Our price is partly based on the number of monthly visits to your site, so a precise definition of the number of "visits" and the method of calculation is necessary for better understanding.
For fair distribution, WPScale has introduced quotas of unique visits according to subscriptions taken out. Here are the visit quotas linked to subscriptions :
- Personal Offer 1 WP : 35,000 unique visits / month
- Personal Offer + 3 WP : 70,000 unique visits / month
- Professional Offer 5 WP : 100,000 unique visits / month
- Business Offer 10 WP : 150,000 unique visits / month
- Company Offers +25 WP : upon written, signed quotation
If the number of visits exceeds the quota allowed by your subscription, we will contact you and offer the option to upgrade to a higher subscription or migrate to a tailor-made offer.
There are two fundamental questions :
- How is a "visit" defined ?
- How to measure "visits" in practice ?
Definition of a "visit"
Here are some events that allow us to define if the action is a real visit or not :
- When someone arrives on the site, loads the page and stays for 31 seconds, it's a visit.
- If the same person then clicks on a link and sees another page, this is not a new visit; it's all part of the same visit.
- If the same person loads the site with different browsers, it’s still not a new visit; it's all part of the same one.
- If that same person bookmarks your site, leaves it, then comes back 31 days later, it's a new visit.
- When a robot loads the site (like a Google or Bing which are search robots), it's one visit, but if a robot scans 100 pages quickly, it's equal to one visit. (You might disagree that a robot is identified as a "visitor", but it’s considered that from a hosting point of view, we still have to process and serve all these pages as if it were a person, so from a cost or scaling point of view, collector robots are counted the same way as human beings.)
Does this action count as a visit ?
In the case of a "quick rebound." Suppose a "human" visitor clicks on a link to the site, then before the site loads, the person clicks "back. ».
Our servers still have to render and try to return the page, so in that sense, "yes". But the person hasn’t seen the site and Google Analytics will not count it, so in this sense "no". Because we need the notion of "visit" to correspond to "the amount of computer resources needed to serve the traffic", we’ll stick with "yes" because our servers are operating.
Thus, rather than attempting to write an exact definition of a "visit", we will simply say that : whatever the action, it must be compatible with all the above-written notions.
Exception: we do not count "image visits" with respect to traffic.
There is a special type of "visit" as defined above that we do not count on your behalf. This is a visit that only affects static content (usually an image), but doesn’t load a normal page of your site.
- You’re not using a CDN,
- Facebook campaigns, Twitter, etc.
- Integration of images in email campaigns.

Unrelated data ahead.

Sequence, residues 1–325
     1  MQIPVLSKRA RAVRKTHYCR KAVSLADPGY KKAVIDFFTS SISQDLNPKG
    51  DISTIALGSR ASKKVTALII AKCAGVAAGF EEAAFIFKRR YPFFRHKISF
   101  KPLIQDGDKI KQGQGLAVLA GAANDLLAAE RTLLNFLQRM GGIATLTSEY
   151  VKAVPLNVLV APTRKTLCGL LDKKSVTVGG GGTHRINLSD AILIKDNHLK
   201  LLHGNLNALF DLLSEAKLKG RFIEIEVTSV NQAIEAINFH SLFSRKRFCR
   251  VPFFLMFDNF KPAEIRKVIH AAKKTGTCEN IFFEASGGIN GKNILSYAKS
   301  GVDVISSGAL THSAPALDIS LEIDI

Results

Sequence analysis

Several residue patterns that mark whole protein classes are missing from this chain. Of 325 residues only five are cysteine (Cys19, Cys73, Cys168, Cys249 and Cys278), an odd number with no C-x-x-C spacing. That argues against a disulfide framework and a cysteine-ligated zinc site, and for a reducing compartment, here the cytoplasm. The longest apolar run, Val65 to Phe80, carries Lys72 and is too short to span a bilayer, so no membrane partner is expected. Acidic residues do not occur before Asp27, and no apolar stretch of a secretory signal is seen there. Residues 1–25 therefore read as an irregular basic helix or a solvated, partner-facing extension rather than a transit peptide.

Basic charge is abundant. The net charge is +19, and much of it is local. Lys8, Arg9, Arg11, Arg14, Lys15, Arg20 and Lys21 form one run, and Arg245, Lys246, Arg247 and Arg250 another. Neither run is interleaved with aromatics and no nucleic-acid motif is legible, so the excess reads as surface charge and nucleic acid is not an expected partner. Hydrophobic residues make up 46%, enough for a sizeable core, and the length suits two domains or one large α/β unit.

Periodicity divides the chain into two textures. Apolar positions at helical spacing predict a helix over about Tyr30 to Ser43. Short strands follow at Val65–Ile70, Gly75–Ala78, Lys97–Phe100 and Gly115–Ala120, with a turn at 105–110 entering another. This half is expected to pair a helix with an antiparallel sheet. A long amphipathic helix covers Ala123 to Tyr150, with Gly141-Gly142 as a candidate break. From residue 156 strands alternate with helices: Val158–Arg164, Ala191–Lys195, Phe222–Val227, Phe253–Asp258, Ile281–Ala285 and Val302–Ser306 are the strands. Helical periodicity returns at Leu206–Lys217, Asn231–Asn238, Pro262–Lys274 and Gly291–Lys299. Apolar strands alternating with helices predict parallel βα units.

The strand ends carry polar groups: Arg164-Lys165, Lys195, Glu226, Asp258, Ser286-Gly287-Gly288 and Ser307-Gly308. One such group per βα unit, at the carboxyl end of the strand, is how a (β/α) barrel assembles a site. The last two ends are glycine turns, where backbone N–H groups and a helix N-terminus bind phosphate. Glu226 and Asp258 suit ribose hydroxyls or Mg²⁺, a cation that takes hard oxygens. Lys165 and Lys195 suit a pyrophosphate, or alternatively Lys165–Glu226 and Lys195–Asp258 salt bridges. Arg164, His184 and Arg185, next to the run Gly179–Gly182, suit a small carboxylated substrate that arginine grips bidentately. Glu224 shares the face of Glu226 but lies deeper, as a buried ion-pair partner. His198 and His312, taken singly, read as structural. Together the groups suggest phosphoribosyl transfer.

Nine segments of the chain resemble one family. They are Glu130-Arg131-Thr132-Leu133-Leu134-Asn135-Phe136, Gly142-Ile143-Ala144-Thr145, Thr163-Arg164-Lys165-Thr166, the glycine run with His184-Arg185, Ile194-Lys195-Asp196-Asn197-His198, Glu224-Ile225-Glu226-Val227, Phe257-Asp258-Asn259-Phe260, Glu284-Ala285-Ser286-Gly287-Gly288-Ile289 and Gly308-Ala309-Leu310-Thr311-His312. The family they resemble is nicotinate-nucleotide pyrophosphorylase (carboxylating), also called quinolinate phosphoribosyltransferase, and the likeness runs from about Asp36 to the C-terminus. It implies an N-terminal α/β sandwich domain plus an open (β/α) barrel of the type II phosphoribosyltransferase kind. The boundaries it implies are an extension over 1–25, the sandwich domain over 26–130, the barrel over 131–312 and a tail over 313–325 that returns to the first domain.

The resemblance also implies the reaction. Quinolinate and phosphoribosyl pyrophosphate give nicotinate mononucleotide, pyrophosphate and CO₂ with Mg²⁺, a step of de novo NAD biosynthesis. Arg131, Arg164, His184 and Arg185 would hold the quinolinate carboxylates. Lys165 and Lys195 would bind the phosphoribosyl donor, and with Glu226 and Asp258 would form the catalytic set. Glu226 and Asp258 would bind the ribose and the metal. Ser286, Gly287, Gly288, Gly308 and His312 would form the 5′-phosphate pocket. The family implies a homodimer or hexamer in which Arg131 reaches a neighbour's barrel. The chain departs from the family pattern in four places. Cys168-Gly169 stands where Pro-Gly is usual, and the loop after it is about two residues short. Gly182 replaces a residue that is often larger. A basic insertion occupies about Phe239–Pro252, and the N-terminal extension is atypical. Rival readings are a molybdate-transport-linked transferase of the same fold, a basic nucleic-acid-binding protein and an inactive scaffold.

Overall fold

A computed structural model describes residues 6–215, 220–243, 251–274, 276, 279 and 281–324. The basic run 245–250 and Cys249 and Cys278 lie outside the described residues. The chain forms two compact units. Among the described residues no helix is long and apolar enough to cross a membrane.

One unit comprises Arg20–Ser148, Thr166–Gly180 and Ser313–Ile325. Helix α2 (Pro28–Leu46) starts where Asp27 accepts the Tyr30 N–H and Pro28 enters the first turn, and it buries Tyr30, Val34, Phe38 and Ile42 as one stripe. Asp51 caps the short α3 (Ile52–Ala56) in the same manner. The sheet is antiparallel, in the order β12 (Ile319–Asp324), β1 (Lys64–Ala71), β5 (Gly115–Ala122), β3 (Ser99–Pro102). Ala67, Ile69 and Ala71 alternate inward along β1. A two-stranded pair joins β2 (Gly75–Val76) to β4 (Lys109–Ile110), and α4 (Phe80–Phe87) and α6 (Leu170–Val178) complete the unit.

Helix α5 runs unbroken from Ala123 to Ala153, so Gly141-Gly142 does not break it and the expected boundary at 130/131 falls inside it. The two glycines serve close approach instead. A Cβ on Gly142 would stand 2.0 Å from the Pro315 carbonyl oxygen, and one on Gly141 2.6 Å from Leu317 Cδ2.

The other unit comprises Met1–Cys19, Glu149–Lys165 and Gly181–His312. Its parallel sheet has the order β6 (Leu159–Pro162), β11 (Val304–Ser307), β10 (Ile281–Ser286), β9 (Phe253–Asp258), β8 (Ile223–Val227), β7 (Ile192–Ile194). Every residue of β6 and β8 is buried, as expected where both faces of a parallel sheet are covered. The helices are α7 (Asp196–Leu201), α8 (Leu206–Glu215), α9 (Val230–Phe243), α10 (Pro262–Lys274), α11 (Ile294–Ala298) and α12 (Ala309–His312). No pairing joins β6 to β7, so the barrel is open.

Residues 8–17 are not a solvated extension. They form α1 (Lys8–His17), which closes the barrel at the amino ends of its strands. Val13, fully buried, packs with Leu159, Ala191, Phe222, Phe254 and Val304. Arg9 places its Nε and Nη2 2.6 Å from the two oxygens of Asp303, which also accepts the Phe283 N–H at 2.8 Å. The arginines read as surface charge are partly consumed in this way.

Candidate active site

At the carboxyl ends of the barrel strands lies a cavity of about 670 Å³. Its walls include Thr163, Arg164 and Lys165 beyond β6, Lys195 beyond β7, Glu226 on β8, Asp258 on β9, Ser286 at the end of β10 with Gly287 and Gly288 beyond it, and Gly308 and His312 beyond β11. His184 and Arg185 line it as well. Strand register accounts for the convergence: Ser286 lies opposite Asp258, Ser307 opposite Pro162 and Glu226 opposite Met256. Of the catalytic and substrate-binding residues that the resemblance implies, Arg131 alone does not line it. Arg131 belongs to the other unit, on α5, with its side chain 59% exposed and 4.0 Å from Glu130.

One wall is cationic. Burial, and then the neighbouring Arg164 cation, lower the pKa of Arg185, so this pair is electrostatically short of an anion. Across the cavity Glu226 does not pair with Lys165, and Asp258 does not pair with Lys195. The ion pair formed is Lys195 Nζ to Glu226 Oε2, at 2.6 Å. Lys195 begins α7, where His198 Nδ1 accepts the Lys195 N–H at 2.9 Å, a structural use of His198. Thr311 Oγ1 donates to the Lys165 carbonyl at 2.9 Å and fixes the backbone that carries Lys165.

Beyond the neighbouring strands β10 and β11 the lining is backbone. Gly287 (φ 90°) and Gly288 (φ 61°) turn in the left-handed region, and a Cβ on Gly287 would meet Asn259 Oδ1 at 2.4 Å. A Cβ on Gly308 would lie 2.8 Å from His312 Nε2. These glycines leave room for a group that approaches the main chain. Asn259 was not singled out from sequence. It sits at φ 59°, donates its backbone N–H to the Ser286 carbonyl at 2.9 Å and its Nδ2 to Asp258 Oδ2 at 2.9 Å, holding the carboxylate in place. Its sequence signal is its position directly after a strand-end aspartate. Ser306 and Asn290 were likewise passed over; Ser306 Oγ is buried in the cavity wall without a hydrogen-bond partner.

Although this doesn’t represent real traffic to your site, and is out of your control, these actions represent a real cost for our services.
Therefore, if your traffic is generated by this type of action, we advise you to activate a CDN, or to upgrade your WPScale package.
Measuring a "visit"
This is where things get complicated ;)
It's tempting to say, "If Google Analytics says that the 'number of visitors in a month equals the number of visits in a month". But it’s clear that this measure doesn’t meet the above definition. GA doesn’t measure bot traffic or rapid bounce. And GA counts double when a person uses two browsers or (sometimes) has disabled cookies.
We want to keep things clear and simple. So we settled on this metric :
We take the number of unique IP addresses viewed over a 24-hour period regardless of the number of "visits" to the site during that period. The number of "visits" in a given month is the sum of these daily visits during the month.
Are the above conditions required ?
- Yes, because it's an IP address.
- Yes, because it's the same IP address, so it won't be counted again.
- Yes, because it's network-related, not browser-related.
- Yes, because we reset our unique IP address every day.
- Yes, because robots and humans are treated the same - both have an IP address.
- Yes, because robots have IP addresses, so they will be consolidated in one day, but will count again the next day.
- Yes, because we'll see the action in our logs.
What happens if you exceed the visit quota ?
Your number of visits exceeds the quota of your subscription :
- Billing of an extra €1 per 1,000 additional visitors over your quota. That means for your "Personal - 1 WP" subscription at €24.90 inc tax, the quota is 30,000 unique visitors per month. If you reach 35,000 unique visits over a month, WPScale will charge you €5 in addition to your subscription.
- If you exceed your quota by 10,000 visitors, you’ll be charged an extra €10.
- Recurring overruns : a member of the WPScale team will contact you and invite you to upgrade your subscription or use a CDN.